The Victorian College of Pharmacy: a case study of amalgamation failure and success in Australian higher education
Small specialist higher education institutions often face challenges when negotiating with larger partners. In 1988, John Dawkins, Australia's federal Minister for Education, introduced sweeping reforms to create a Unified National System of higher education. Dawkins' criteria for funding necessitated mergers for many smaller providers. The Victorian College of Pharmacy in Melbourne, Victoria, presents a case study of how one institution negotiated this policy and asserted its interests to achieve an optimal outcome. It rejected amalgamation with the University of Melbourne, reaching a superior arrangement with Monash University despite state and federal opposition. This article combines archival research from Melbourne and Monash Universities and the state government with interviews of key players. It examines the importance of institutional identity and how small institutions can navigate government policies of consolidation. It also focuses on the deleterious effects of inflexible government policy and how the College successfully overcame these challenges to complete its desired merger.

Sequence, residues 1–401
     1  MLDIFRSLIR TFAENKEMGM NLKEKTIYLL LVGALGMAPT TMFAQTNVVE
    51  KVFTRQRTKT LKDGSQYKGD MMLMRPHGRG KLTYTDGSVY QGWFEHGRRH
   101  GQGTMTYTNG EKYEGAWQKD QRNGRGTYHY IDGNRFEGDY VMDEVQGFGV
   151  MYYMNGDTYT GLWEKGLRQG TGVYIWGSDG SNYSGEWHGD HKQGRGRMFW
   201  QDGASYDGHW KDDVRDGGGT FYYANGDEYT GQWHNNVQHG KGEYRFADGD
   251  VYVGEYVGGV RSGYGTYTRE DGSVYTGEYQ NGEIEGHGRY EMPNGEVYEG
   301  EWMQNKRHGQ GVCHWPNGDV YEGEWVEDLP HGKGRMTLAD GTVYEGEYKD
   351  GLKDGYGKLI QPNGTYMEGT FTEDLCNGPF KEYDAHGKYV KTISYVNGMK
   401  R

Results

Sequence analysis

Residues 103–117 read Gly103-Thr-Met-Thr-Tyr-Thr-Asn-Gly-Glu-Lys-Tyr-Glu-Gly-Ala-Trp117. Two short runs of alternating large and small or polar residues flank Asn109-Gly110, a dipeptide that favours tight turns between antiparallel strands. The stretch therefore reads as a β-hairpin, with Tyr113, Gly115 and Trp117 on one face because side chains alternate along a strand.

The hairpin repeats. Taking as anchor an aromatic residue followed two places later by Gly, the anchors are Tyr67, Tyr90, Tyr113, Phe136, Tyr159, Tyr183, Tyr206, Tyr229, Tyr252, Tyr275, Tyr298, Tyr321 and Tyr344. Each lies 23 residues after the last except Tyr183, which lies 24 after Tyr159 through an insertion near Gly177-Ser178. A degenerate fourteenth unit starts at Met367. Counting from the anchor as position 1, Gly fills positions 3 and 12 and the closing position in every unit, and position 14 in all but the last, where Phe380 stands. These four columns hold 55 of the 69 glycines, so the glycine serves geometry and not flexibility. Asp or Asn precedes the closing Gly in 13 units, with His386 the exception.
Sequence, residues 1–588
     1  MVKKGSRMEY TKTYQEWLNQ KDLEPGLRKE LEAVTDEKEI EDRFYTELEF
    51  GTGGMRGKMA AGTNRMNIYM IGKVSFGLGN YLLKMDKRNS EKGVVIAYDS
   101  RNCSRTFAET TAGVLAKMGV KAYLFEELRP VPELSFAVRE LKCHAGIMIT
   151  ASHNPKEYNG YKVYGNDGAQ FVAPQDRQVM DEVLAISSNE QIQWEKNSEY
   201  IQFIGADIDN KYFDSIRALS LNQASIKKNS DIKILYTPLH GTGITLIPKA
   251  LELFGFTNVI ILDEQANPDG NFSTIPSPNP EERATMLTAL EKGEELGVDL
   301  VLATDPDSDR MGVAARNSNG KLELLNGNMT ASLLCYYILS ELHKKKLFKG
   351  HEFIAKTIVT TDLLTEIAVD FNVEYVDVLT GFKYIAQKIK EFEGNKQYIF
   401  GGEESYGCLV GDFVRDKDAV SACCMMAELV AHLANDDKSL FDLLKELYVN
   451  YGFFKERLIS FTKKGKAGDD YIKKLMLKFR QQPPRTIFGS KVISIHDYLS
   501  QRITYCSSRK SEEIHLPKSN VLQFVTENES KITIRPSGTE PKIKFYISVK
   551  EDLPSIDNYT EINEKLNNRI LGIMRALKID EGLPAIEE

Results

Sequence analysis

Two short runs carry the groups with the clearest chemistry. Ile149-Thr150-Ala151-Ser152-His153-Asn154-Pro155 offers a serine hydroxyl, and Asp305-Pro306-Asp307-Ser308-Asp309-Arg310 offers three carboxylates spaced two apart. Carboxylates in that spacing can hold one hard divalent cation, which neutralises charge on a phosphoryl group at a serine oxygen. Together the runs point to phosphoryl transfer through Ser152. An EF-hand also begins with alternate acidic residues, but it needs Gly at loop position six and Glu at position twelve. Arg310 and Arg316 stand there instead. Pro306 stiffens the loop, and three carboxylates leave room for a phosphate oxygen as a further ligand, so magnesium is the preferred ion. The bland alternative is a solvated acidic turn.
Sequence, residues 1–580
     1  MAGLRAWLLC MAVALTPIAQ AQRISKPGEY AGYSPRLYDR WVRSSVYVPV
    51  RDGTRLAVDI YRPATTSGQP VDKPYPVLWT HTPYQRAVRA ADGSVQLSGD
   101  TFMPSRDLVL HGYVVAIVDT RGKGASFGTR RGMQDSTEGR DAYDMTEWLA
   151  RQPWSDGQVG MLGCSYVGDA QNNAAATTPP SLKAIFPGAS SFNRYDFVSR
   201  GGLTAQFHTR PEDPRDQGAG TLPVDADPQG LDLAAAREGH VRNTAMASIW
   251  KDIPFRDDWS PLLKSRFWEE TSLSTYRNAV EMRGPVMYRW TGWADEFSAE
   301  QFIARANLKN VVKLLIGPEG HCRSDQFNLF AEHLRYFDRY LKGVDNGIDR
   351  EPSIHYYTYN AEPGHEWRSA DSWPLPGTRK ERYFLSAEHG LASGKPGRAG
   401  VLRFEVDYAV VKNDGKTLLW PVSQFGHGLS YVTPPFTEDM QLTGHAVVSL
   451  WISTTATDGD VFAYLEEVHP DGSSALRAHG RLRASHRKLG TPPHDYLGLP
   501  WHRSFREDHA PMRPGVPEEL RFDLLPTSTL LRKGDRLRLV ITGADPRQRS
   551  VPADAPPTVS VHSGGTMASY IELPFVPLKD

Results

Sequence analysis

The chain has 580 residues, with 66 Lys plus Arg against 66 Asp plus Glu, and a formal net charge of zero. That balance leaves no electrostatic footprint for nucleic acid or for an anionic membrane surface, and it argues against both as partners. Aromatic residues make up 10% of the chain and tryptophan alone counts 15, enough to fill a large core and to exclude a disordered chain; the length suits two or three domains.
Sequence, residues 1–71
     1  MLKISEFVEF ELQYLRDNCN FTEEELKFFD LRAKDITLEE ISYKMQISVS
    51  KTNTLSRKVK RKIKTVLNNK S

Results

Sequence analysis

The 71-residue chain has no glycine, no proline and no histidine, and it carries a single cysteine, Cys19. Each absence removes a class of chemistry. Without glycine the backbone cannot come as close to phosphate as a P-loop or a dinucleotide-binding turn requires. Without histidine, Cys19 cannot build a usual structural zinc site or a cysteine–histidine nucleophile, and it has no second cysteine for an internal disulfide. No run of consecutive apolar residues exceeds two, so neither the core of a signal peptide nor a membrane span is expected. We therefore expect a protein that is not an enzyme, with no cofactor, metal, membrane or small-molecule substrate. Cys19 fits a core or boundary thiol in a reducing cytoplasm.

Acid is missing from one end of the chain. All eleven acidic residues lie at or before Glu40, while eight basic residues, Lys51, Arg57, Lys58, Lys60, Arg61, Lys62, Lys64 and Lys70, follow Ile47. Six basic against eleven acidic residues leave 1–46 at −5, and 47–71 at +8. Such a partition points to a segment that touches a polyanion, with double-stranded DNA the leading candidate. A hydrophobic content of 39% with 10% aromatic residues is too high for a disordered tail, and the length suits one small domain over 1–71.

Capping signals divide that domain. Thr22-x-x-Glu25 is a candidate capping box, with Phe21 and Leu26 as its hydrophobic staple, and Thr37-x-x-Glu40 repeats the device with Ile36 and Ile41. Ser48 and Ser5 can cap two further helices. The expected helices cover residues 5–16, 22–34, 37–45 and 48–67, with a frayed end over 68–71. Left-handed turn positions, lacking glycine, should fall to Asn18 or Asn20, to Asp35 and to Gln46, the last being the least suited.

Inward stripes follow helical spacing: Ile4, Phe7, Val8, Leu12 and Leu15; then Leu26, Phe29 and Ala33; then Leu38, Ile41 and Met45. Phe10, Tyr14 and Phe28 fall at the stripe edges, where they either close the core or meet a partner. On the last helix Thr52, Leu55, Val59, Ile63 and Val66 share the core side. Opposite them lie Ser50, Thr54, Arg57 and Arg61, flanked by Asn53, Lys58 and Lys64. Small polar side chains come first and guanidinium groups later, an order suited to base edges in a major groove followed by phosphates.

Brett, A. (2018). The Victorian College of Pharmacy: a case study of amalgamation failure and success in Australian higher education. History of Education, 47 (5), 644-662.